The recovery in the US labour market disappointed for a second month in January, with only modest job growth that highlights persistently difficult prospects for millions of unemployed and bolsters calls for more stimulus.
Nonfarm payrolls increased by 49 000 from the prior month after a downwardly revised 227 000 December decrease, while the unemployment rate fell to 6.3%, according to a Labor Department report Friday. The labour force participation rate declined as more people left the workforce.
The median estimates in a Bloomberg survey of economists called for a 105 000 gain in payrolls and an unemployment rate of 6.7%. Payroll estimates ranged from a 250 000 monthly decline to a 400 000 increase.
Ten-year Treasury yields slid after the report to trade at about 1.155% — from about 1.17% just before. Stock futures maintained gains on expectations of additional fiscal stimulus.
The January data may elicit more urgent calls for another pandemic relief package. President Joe Biden has proposed a $1.9 trillion package, but many Republicans prefer to hold off on more assistance and wait for the December $900 billion aid package to filter through the economy.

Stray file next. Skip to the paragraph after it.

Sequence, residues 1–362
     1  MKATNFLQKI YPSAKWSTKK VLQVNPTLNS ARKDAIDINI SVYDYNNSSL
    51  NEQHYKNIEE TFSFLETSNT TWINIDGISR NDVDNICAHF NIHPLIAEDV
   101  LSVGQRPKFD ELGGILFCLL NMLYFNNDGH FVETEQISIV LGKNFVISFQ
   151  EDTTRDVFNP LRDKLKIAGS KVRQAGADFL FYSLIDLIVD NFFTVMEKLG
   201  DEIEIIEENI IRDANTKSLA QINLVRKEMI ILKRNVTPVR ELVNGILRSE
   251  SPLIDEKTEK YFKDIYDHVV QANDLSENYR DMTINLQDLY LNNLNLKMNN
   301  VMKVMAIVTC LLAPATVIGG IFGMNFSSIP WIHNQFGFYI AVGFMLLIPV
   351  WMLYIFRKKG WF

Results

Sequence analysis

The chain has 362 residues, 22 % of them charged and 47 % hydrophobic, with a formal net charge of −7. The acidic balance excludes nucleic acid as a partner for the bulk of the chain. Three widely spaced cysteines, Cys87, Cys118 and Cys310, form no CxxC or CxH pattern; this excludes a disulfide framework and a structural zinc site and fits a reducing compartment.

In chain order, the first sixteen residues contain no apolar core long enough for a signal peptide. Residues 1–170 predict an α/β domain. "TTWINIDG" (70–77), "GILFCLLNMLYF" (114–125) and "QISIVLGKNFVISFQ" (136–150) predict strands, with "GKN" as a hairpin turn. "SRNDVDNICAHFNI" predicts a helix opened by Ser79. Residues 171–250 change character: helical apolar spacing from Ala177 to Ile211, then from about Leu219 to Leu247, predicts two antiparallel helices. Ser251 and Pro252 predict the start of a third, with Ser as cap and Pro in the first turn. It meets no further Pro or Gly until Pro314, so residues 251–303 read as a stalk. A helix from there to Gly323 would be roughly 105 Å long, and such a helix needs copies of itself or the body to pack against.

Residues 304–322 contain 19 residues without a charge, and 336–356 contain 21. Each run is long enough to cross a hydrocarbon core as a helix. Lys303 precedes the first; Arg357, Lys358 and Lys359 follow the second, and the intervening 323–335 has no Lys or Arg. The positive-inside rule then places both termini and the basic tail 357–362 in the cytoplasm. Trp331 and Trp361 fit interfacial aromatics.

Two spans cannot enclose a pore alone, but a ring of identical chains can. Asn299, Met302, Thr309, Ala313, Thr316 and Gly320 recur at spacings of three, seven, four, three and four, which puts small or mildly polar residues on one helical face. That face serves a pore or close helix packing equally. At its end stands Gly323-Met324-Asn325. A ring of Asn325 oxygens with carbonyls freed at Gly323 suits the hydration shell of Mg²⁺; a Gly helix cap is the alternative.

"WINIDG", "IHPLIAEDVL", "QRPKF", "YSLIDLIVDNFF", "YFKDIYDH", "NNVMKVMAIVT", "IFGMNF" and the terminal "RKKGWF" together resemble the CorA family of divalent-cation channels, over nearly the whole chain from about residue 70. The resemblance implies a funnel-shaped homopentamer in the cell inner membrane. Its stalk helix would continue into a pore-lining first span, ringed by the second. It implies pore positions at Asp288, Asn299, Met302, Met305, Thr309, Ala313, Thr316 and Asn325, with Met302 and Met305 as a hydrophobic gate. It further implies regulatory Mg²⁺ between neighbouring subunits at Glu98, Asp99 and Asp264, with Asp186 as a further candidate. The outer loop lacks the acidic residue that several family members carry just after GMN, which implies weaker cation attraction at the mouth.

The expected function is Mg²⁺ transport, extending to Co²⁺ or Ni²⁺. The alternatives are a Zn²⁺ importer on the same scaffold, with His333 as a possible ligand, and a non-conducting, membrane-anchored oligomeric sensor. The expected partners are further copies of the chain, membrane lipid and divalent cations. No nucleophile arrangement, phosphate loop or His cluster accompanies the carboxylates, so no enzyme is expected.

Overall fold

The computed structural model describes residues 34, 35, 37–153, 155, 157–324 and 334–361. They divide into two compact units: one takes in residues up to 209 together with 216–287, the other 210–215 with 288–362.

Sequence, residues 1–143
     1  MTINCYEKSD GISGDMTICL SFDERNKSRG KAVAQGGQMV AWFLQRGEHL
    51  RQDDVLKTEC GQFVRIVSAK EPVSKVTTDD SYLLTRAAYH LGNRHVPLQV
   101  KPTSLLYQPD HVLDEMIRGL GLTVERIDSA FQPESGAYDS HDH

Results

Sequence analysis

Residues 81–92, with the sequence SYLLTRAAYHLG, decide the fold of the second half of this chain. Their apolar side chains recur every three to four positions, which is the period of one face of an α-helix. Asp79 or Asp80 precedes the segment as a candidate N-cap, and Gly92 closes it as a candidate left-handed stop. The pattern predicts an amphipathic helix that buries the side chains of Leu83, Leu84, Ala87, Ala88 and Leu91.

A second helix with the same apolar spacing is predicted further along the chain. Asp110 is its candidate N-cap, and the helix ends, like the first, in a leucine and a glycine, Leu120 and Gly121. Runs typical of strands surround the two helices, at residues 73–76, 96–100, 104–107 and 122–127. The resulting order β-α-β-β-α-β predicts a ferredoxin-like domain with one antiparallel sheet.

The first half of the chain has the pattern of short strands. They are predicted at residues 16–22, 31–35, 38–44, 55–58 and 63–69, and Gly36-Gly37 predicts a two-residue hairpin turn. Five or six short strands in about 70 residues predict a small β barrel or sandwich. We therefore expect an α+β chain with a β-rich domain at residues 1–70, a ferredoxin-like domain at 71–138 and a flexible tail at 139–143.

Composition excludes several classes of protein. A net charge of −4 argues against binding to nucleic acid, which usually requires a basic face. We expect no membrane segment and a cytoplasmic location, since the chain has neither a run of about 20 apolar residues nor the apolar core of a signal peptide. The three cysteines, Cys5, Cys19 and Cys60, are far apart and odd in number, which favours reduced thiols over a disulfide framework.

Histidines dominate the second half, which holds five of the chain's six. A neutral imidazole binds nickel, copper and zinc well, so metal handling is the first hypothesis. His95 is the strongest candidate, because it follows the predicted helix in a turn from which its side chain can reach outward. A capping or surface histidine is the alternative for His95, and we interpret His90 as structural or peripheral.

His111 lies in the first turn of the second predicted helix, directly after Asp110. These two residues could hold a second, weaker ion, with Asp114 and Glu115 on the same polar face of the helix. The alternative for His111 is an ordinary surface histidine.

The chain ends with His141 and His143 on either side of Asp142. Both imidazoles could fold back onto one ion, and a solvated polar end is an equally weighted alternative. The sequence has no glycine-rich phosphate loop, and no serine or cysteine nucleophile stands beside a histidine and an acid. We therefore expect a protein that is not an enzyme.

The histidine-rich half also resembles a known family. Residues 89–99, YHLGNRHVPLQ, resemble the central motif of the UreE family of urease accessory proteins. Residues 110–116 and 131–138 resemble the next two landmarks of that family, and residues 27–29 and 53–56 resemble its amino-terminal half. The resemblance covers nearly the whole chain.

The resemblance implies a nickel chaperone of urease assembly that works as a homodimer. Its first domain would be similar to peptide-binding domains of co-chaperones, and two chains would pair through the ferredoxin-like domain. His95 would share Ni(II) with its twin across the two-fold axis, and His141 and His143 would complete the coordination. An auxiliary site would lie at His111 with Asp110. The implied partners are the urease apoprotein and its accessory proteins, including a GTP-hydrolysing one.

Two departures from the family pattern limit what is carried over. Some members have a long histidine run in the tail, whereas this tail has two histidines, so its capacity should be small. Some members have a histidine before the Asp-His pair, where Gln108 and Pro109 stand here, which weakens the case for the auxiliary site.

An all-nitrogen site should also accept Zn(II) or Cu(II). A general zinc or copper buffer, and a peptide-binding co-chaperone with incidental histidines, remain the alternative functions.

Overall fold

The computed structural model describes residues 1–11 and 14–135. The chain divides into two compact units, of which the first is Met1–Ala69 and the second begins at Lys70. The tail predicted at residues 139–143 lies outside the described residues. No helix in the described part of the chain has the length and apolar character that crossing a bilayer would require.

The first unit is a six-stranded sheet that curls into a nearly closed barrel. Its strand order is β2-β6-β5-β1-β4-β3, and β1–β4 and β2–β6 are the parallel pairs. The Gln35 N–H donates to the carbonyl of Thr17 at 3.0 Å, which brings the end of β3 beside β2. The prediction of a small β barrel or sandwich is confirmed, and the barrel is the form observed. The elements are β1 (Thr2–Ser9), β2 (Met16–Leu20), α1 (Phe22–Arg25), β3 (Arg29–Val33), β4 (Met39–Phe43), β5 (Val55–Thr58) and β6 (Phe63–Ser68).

The weaker-than-expected report reflected job cuts in retail trade, transportation and warehousing, and leisure and hospitality, while other industries saw only modest gains. The latest figures underscore a labor market that continues to struggle even as other parts of the economy have rebounded.
Restrictions on activity and businesses have eased, but fears of more contagious virus variants may curb consumer activity. Pandemic-sensitive sectors like leisure and hospitality will likely remain depressed until widespread vaccinations allow for robust spending on services.
The jobs report also included the Bureau of Labor Statistics’ annual benchmark revision, which aligns establishment data with state unemployment insurance tax records. The revisions impact payrolls, hours and earnings data.
Weak industry breakdown
- Leisure/hospitality payrolls fell 61k after 536k drop in Dec.
- Health care/social assistance fell 40.8k
- Retail trade declined 37.8k
- Transportation/warehousing dropped 27.8k after 24.1k drop
- Manufacturing fell 10k in January
Average hourly earnings rose 0.2% from the prior month and increased 5.4% from a year earlier. These figures have been challenging to interpret during the pandemic given the scale and distribution of job losses and gains. Average weekly hours rose to 35 from 34.7.
-With assistance from Kristy Scheuble and Liz Capo McCormick.